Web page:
In focusing on perceived competition between the two branches of the profession (‘"Baby barrister" threat to solicitors’), what Catherine Baksi overlooks are the opportunities for co-operation between barristers and solicitors created by the Public Access Scheme. The bar’s code of conduct requires barristers instructed on a public access basis to constantly assess whether the case requires the involvement of a solicitor. If the need arises, barristers will recommend appropriate law firms.

Furthermore, the scheme does not extend rights to conduct litigation to the bar. The litigator’s role is preserved, and there may be a need for a solicitor to provide finite pieces of work, such as collecting evidence or preparing witness statements. Widening the pool of barristers who can undertake public access work does not threaten solicitors, but creates more competition and increases consumer choice.

It is misguided of the Law Society to suggest that entrants to the profession lack the level of maturity and expertise required to deal directly with clients. Let us not forget that it is the ‘baby’ barrister who undertakes vital, low-level criminal, family, civil and other work often without meeting their instructing solicitor. Experience of this independent working begins in pupillage. The quality of the bar’s advocacy and advisory services will not be compromised by the proposed rule change because barristers with less than three years’ experience will remain supervised by a qualified person, unlike solicitors on completion of their training contract.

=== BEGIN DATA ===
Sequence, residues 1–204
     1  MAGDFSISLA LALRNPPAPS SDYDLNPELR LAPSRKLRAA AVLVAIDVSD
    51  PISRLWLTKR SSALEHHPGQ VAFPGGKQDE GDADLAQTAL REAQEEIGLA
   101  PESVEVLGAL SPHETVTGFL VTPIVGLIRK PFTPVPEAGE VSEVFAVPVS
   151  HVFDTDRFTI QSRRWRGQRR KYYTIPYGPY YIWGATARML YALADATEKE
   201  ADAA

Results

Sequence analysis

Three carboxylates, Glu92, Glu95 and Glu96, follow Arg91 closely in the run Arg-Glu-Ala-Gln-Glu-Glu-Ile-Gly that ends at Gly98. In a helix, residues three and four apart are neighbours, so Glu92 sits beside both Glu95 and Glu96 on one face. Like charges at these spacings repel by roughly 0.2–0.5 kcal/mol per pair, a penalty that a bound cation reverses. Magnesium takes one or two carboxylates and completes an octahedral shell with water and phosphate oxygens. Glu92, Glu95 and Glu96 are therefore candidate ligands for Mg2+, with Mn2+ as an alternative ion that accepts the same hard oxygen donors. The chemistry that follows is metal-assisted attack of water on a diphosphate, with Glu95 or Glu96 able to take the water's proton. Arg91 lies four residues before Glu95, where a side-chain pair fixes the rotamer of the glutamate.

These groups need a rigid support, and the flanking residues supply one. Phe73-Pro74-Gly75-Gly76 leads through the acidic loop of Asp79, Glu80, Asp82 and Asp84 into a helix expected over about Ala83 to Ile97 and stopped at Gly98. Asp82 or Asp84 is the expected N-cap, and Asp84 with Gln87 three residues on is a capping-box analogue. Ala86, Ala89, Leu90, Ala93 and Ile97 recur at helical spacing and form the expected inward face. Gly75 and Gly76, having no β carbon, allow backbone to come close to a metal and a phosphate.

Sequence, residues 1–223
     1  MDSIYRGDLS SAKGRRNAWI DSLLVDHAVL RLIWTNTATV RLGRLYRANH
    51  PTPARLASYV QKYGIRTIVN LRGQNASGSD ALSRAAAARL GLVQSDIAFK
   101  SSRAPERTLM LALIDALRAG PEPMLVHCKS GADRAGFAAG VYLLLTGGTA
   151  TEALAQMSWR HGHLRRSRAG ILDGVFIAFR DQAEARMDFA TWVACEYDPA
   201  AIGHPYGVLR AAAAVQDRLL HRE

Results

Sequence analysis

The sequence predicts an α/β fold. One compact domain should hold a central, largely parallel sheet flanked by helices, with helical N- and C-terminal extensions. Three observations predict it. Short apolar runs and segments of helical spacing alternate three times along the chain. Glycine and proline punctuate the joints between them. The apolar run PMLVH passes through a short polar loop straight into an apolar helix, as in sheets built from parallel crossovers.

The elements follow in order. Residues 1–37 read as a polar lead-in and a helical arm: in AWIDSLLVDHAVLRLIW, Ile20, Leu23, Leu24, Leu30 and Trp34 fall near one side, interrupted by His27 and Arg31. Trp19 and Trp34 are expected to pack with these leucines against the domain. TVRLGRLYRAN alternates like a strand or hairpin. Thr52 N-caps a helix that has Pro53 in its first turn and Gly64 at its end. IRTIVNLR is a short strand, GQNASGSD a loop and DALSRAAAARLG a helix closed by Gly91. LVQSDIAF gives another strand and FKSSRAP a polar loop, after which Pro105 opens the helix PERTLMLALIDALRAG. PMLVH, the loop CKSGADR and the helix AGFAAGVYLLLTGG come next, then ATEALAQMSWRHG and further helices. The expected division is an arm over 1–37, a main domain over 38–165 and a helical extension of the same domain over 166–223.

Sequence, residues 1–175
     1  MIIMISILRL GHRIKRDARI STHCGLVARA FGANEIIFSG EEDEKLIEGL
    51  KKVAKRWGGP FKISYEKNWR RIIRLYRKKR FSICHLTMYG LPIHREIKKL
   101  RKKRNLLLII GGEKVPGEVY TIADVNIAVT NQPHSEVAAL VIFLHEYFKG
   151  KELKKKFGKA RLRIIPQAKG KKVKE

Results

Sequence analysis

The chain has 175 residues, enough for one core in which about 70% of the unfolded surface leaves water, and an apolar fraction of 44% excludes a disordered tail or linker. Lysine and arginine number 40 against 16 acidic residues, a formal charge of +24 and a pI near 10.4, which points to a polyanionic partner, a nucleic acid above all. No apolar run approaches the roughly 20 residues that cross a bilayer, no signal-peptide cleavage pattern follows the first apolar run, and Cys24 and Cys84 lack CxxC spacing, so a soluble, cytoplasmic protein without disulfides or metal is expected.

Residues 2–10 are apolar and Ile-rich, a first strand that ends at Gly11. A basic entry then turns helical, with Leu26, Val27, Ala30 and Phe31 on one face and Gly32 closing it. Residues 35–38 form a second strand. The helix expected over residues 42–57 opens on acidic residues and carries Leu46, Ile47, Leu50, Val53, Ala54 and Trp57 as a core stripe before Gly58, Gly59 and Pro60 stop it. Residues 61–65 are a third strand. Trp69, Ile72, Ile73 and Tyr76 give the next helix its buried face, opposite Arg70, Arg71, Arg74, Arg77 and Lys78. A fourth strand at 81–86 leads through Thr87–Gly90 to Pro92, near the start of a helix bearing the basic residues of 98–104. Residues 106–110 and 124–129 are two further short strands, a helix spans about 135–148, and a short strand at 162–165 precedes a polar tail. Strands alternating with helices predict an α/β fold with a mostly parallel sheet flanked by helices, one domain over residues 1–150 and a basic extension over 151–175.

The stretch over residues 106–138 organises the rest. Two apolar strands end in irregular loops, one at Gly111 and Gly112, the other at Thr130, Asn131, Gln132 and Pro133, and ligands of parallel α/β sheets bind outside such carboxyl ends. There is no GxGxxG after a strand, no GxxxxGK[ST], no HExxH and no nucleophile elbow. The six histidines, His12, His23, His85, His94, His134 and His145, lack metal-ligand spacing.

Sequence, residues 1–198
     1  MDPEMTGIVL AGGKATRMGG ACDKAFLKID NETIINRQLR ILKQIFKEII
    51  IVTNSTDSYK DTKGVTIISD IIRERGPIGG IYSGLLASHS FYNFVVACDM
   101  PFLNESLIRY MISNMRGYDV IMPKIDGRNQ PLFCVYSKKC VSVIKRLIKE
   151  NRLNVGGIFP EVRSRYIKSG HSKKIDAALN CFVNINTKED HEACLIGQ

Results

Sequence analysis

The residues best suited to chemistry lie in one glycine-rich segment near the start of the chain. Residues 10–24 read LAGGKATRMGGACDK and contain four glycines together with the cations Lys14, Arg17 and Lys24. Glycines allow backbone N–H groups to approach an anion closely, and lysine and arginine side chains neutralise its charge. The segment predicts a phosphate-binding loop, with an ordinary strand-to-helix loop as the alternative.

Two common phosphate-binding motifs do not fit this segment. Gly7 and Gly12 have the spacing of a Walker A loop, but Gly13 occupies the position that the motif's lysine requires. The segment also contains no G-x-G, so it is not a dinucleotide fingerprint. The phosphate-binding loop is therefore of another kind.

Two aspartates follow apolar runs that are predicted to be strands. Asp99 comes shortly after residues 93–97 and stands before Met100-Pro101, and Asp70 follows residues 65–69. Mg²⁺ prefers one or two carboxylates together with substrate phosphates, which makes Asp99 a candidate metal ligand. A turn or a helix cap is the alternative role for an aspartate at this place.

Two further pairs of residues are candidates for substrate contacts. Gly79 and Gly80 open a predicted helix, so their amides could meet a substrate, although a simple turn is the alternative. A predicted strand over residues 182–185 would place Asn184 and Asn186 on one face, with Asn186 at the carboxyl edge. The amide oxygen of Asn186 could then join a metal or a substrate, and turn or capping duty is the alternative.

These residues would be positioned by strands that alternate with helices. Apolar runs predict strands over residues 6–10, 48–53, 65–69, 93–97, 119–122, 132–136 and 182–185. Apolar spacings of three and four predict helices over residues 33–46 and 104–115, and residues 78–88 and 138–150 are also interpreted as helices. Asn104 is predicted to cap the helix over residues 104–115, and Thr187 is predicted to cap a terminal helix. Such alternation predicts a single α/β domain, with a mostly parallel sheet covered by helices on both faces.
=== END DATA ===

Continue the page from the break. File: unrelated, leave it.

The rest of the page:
Should the Legal Services Board approve the Bar Standard Board’s application for a rule change, the junior bar will not be ‘let loose’, but will be properly trained and subject to rules which prevent any real or perceived risk to the public.

Susan Jacklin QC, Ross Burrows, Access to the Bar Committee, Bar Council of England and Wales